Compose music? The computer can do it

Employees in the London office of Jukedeck, which is founded by composer Ed Newton-Rex (above left) and Mr Patrick Stobbs (above right).
Employees in the London office of Jukedeck, which is founded by composer Ed Newton-Rex (above left) and Mr Patrick Stobbs (above right).PHOTO: NYTIMES
Employees in the London office of Jukedeck (above), which is founded by composer Ed Newton-Rex and Mr Patrick Stobbs.
Employees in the London office of Jukedeck (above), which is founded by composer Ed Newton-Rex and Mr Patrick Stobbs.PHOTO: NYTIMES

LONDON • Having machines write music is not new. In the 1950s, composer Lejaren Hiller used a computer to produce the Illiac Suite for string quartet, the first computer- generated score.

Since then, countless researchers have pushed that work forward.

But several start-ups are now trying to commercialise artificial intelligence (AI) music for everything from jingles to potential pop hits.

Mr Patrick Stobbs' Jukedeck, for instance, is looking to sell tracks to anyone who needs background music for videos, games or commercials.

The company charges large businesses US$21.99 (S$31) to use a track, a fraction of what hiring a musician would cost.

Mr Stobbs would not reveal how many tracks it has sold, but said that the British division of Coca-Cola pays for a monthly subscription.

Tech giants are also involved.

In June last year, Google Brain announced Magenta, a project that aims to have computers produce "compelling and artistic" music, filled with surprises. Its efforts so far do not quite fit the bill.

In September last year, DeepMind, the Google-owned British AI company, also released results of an experiment it undertook for fun.

DeepMind put samples of piano music into its WaveNet system, used to generate audio such as speech. The system, which was not told anything about how music worked, used the initial audio to synthesise 10-second clips that sound like avant-garde jazz.

IBM also has a research project called Watson Beat, which musicians will be able to use to transform their works' style, making songs sound Middle Eastern, for example, or "spooky".

Jukedeck's beginnings are somewhat surprising for a tech company.

Mr Stobbs and composer Ed Newton-Rex, both 29, founded it in 2012. They had been choristers at King's College School in Cambridge, England, and Newton-Rex went on to study music at the University of Cambridge, where he first learnt that AI could compose.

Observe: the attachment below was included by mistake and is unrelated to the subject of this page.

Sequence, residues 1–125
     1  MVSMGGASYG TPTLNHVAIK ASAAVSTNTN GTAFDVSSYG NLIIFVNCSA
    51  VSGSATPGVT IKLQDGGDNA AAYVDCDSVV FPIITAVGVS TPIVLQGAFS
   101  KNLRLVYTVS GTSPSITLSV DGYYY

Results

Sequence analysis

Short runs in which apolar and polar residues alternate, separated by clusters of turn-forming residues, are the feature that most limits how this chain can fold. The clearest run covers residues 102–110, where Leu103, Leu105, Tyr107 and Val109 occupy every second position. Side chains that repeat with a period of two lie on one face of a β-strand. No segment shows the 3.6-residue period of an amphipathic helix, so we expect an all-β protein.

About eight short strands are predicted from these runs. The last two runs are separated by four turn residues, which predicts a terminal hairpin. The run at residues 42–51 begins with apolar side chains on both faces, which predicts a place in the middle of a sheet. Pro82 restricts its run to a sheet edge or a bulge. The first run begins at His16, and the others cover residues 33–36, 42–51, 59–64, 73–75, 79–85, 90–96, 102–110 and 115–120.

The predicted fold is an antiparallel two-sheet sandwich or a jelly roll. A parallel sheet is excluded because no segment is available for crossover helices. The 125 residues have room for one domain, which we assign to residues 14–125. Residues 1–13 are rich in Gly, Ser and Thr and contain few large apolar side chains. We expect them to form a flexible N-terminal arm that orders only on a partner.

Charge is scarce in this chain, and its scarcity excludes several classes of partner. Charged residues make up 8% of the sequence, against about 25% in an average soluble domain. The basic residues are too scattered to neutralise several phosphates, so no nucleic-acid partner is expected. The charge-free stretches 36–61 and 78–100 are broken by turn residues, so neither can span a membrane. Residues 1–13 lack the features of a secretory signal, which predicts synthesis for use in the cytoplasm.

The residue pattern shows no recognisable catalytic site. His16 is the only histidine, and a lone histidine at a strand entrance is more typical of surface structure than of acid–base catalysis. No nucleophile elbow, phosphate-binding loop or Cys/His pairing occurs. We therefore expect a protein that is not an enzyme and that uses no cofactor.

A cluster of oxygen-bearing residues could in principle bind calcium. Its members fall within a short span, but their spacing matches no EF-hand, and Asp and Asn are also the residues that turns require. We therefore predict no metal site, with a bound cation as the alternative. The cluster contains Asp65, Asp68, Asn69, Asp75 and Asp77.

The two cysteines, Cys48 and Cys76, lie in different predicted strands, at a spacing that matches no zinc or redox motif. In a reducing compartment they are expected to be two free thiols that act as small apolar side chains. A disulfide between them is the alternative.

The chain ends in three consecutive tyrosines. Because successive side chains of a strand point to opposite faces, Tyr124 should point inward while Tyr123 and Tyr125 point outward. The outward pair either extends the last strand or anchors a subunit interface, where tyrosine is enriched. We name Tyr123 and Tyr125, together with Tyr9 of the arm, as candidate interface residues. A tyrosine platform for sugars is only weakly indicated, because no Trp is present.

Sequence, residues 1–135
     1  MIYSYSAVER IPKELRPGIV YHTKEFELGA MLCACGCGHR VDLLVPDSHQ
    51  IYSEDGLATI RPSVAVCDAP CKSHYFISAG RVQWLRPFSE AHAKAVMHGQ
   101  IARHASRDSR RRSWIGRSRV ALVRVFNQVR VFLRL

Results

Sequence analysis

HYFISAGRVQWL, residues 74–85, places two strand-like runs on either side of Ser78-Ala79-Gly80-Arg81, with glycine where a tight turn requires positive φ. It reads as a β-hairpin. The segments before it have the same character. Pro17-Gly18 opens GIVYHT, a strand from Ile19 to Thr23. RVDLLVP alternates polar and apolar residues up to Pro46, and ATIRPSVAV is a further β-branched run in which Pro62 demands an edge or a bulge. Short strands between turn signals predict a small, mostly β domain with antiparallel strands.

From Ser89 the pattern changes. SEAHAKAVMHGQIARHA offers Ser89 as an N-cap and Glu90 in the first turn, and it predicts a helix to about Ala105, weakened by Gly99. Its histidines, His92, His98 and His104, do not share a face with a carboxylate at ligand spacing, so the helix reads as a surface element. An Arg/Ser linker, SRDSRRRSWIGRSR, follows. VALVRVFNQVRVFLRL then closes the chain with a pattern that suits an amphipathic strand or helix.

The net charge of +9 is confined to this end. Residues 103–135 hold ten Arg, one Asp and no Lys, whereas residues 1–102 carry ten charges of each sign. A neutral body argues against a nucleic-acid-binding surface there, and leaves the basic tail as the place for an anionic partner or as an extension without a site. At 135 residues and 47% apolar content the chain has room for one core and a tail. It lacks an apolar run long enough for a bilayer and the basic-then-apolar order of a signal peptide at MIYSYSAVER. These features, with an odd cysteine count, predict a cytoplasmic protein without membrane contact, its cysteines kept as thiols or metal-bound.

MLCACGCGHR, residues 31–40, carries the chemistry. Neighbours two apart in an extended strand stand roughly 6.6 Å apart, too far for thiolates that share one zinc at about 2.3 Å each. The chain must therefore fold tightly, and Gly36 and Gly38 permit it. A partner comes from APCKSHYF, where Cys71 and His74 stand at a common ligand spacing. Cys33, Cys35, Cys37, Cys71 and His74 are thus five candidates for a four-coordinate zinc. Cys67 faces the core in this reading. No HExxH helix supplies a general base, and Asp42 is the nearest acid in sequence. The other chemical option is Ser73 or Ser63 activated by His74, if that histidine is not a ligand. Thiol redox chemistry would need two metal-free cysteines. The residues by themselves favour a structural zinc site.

Jukedeck's system involves feeding hundreds of scores into its artificial neural networks, which then analyse them so they can work out things such as the probability of one musical note's following another or how chords progress.

The networks can eventually produce compositions in a similar style, which are then turned into audio, using an automated production program. It has different networks for different styles, from folk to "corporate".

The company only recently started experimenting with the artificial neural networks for the audio output as well as the composition. This should make tracks sound more natural and varied - more human, in other words.

Other companies working on AI music tend to involve musicians more directly in the process.

The Sony Computer Science Laboratory in Paris, for example, considers musicians essential to its Flow Machines project, which has received funding from the European Research Council.

The idea behind the project is to get computers to write pop hits, said Mr Francois Pachet, the laboratory's director.

He said: "A compelling song is actually a rare and fragile object. It can work only if all the dimensions are right: the melody, the harmony, the voice, the dress of the singer, the discourse around it - like, 'Why did you write this song?' No one is able to model all that right now and I'm interested in that problem."

Flow Machines' main system is a composing tool that works similarly to Jukedeck's: by getting a computer to analyse and learn from everything from Beatles' songs to dance hits. However, its output is then given to musicians, who are free to use, change it or throw it away as they like, at no charge.

About 20 acts have used the system, Mr Pachet said, some performing the songs they wrote using it at a recent gig. He is in talks with some well-known groups, such as indie band Phoenix, to try it and several albums will be released this year.

Musicians appear to enjoy it.

"I could never have written a song like the one I did without it," said Mathieu Peudupin, a French rock musician who goes by the name Lescop. "It drove me to a place I would never have gone myself."

He said it was like working with a bandmate, although he ignored most of its suggestions. "But what singer in the world listens to his bandmates?" he said, laughing.

Mr Pachet and Lescop said they did not think listeners would entirely accept computer-generated music.

"Music fans need to fall in love with musicians," Lescop said. "You can't fall in love with a computer."

But the founders of Jukedeck are less certain.

Newton-Rex sees AI changing the way people listen, especially if computers eventually "understand music enough to make it respond in real time to, let's say, a game or you going for a run", he said.


A version of this article appeared in the print edition of The Straits Times on January 24, 2017, with the headline 'Compose music? The computer can do it'. Print Edition | Subscribe